Final limiting recently is being carried out by A.O.M Invisible Limiter which is fantastic.
Monitoring with my monitors, AKG 812's, Senheisser HD650's and a small stereo.
Reference tracks are also an important part of my workflow. Also the Perception Plugin for easy level matched bypass.
I now master in Studio One's dedicated mastering module as I can, if required, drop back into the main mix to make a major adjustments.
Any projects for commercial release will generally go through a professional mastering studio 99% of the time. Abbey Road, Sterling or an Independant.
January 31, 2016 at 3:20 am #3657Kaleb TreacyParticipant
- This reply was modified 7 years ago by Lee Hawkins.
Hey guys! I was going to ask this down the track but this topic seems like the perfect place to ask. How do you go about level matching when say you're doing an EP or album? I'm all for my tracks to go out to a proper engineer for commercial mastering when it happens but sometimes I get asked to do it as the budget isn't there. I tend to master the tracks individually from each other in there own session but when I bring the songs together, I can hear some of them are a little louder then others even though they're all hitting -4db. Would it be alright to do a basic mix at the end to level them up or is that a mistake? By basic mix, I mean 5 stereo tracks, a song on each and tweaking the faders.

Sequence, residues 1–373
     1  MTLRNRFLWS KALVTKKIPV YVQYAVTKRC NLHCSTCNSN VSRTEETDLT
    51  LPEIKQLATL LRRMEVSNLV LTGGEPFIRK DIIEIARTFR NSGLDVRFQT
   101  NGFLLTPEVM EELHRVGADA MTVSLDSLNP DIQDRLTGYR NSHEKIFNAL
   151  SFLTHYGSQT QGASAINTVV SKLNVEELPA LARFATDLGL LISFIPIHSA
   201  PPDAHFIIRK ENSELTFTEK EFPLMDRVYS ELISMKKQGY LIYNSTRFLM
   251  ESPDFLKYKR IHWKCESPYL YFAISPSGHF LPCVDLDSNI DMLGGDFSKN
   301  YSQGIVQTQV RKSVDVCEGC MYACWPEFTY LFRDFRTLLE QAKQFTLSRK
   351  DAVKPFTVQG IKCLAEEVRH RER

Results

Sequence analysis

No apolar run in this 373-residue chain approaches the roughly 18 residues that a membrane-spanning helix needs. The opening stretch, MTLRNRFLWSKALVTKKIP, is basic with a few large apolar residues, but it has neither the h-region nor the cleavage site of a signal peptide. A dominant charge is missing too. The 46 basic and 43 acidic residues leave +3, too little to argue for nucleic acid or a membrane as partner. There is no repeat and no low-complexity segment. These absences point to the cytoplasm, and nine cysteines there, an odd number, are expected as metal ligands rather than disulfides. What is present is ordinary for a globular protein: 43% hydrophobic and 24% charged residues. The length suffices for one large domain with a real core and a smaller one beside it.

KalebJanuary 31, 2016 at 7:15 pm #3690Steve AParticipant
I would love to hear an expertise answer on that question as well, Kaleb
Good one...February 1, 2016 at 9:28 am #3703nhamielParticipant